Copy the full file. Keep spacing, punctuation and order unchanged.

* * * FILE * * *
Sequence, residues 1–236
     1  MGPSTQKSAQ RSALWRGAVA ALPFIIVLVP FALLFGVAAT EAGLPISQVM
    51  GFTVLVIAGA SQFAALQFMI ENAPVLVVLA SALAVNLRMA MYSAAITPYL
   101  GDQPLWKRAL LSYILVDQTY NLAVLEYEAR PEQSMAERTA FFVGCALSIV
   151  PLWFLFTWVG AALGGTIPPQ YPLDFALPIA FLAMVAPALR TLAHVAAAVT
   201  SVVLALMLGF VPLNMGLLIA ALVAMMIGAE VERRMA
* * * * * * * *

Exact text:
Sequence, residues 1–236
     1  MGPSTQKSAQ RSALWRGAVA ALPFIIVLVP FALLFGVAAT EAGLPISQVM
    51  GFTVLVIAGA SQFAALQFMI ENAPVLVVLA SALAVNLRMA MYSAAITPYL
   101  GDQPLWKRAL LSYILVDQTY NLAVLEYEAR PEQSMAERTA FFVGCALSIV
   151  PLWFLFTWVG AALGGTIPPQ YPLDFALPIA FLAMVAPALR TLAHVAAAVT
   201  SVVLALMLGF VPLNMGLLIA ALVAMMIGAE VERRMA